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Management consultancy, change and mental health

My name is Simon. I’m a change management consultant and I have a mental health issue.

We live in a volatile, uncertain, complex and ambiguous world – full of great opportunities to exercise our consultancy skills and knowledge, to make a difference to clients, to create a better world.

Our curiosity, commitment and energy provide rich rewards. Our leadership guiding and supporting clients through challenge and change is pivotal.

The Covid-19 pandemic has created an almost unique set of circumstances. The pace of change has felt relentless – but burning platforms do encourage a journey of transformation.

Yet increasingly the executives I work with look, and act, burnt out. You see it in their eyes, hear it in their communication, feel it in their actions (or inactions). Many of the most secure, resilient and supported are on the edge. I’ve seen ‘imposter syndrome’ in many clients and I feel it myself.

Burnout takes its toll on those around us. Our teams, our families and even client’s management consultants. Many clients are opening up publicly for the first time about their mental health issues, be that depression, anxiety or something else. In consultants, perhaps less so.

But consultants aren’t made of rock and no one really expects us to be.

So if you are sensing you’re starting to struggle, what might you do? I offer some thoughts based on personal experience:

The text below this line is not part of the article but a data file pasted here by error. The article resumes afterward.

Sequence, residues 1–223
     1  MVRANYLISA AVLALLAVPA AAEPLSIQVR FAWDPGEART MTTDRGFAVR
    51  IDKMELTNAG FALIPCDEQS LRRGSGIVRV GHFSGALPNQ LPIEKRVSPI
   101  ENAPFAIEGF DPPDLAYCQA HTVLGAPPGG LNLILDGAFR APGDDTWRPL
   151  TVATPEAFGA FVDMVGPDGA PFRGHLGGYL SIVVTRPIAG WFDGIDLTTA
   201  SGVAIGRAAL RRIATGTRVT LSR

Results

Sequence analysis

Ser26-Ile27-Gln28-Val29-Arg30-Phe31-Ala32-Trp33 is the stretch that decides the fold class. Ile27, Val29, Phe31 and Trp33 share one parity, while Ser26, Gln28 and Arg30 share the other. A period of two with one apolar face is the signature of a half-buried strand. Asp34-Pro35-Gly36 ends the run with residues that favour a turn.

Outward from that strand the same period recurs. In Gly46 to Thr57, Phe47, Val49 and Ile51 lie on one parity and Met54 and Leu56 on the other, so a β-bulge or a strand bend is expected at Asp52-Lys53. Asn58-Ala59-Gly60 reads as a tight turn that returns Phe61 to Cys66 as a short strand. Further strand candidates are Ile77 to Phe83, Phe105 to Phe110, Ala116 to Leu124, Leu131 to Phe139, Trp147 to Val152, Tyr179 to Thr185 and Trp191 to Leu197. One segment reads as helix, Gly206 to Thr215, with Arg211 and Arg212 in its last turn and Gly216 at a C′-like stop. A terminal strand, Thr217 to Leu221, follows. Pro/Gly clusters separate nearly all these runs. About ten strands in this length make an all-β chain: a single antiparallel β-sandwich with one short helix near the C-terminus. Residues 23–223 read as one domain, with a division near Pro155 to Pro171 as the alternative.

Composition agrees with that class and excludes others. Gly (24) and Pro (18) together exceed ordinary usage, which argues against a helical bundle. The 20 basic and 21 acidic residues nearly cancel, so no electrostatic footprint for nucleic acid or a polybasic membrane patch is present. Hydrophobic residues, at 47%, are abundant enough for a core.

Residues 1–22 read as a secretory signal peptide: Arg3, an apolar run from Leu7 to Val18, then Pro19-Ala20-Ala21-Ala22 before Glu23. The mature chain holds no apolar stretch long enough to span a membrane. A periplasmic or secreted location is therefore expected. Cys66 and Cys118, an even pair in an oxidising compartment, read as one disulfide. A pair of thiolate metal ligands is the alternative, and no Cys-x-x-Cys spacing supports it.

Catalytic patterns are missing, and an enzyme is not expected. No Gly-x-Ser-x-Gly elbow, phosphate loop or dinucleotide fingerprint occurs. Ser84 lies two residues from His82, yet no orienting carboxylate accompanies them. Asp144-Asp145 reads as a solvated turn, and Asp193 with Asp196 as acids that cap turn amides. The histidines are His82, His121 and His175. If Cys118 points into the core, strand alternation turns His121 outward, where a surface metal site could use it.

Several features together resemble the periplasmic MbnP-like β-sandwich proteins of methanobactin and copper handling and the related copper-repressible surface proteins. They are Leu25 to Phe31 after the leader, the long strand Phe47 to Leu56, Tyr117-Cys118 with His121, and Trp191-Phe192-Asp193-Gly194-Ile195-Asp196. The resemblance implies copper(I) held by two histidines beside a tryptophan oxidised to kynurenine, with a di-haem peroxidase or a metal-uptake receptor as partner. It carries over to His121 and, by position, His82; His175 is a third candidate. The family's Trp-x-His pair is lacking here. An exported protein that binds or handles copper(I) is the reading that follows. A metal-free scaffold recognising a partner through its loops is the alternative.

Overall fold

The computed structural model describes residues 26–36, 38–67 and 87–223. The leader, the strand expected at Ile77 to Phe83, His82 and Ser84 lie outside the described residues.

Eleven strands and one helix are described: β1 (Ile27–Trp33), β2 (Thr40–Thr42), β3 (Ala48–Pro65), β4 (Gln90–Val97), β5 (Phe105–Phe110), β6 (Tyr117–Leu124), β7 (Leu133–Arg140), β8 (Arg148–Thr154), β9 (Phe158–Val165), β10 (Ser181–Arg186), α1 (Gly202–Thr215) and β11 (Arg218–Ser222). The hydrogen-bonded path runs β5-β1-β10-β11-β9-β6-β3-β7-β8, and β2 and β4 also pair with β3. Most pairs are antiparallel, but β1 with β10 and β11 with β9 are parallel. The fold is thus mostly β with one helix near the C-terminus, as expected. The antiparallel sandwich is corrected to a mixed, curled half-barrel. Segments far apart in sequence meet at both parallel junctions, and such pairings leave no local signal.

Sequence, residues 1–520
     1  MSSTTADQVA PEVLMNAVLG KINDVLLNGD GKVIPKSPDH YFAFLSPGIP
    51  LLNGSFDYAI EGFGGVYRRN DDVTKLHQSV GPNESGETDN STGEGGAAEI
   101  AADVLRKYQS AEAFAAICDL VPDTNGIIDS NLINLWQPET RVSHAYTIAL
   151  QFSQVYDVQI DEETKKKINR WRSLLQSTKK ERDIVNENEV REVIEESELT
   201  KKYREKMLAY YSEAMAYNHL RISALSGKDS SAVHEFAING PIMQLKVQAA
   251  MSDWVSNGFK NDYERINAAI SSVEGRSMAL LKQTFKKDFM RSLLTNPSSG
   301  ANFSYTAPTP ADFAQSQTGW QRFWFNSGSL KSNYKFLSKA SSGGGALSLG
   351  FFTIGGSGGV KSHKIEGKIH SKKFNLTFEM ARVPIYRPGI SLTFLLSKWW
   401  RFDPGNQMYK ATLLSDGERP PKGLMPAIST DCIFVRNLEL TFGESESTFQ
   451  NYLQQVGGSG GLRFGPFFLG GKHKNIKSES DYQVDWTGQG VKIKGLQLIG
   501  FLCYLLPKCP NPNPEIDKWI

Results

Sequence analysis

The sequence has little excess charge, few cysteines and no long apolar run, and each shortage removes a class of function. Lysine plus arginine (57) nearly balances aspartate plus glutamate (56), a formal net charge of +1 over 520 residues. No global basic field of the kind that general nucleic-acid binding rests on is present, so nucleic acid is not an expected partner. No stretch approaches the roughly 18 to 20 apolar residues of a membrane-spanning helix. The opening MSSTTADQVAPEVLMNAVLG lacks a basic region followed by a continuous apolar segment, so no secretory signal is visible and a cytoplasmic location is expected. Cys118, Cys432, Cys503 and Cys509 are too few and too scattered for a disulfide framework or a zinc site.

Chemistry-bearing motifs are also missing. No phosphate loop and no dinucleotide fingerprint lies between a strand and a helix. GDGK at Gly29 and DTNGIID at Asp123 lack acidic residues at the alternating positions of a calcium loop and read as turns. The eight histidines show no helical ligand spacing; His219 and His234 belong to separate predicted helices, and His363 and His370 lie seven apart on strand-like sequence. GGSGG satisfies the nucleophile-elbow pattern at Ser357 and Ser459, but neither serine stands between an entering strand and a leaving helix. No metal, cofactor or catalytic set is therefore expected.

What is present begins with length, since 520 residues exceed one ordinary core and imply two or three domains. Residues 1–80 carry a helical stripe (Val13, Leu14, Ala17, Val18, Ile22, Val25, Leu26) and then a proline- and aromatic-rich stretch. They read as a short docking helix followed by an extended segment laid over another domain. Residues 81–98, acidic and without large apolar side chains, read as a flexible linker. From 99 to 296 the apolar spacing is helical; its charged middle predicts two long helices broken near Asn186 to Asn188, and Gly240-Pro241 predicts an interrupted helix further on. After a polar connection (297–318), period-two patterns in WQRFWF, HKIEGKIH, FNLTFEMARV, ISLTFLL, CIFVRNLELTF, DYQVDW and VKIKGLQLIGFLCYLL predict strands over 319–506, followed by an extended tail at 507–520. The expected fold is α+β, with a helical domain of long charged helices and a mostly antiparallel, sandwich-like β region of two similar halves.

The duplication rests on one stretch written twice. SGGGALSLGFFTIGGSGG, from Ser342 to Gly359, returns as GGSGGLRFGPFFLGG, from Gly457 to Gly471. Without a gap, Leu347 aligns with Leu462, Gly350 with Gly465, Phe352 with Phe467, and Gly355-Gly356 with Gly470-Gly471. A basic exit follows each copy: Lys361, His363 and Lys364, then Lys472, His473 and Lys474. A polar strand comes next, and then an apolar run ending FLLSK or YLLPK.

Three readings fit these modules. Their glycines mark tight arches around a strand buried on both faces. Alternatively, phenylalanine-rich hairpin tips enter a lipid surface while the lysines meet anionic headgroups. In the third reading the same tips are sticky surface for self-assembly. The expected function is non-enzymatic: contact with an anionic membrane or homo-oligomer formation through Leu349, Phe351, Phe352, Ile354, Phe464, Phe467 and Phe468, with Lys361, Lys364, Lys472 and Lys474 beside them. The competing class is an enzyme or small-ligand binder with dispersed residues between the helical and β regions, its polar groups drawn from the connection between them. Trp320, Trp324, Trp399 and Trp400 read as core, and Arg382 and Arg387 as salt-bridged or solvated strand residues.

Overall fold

• Make time for yourself every day – take a break, go for a walk, enjoy a hobby (mine is Lego), perhaps meditate.
  • Take things an hour, a task, a day at a time – projects can feel overwhelming but the next call or page of a report rarely is.
  • Reach out and ask for help – it’s not weak, if you had a heart attack or systemic pain you wouldn’t think twice.
  • Develop your professional (as well as personal) support bubble – one or more people to share with.

For years, the flexibility of assignments has enabled me to function on dark days and periods of intense challenge without impacting overall results. The understanding of others has got me through painful phases of projects. And realising excellence does not mean perfection, that very good will be good enough, has enabled me to crawl over finishing lines.

So I ask you to “Put on your own oxygen mask first” – it’s not selfish, it’s practical. And remember you’re not alone. We will get through this together. 


Dr Simon Davey

Tuesday 23rd February 2021
Hands on typewriter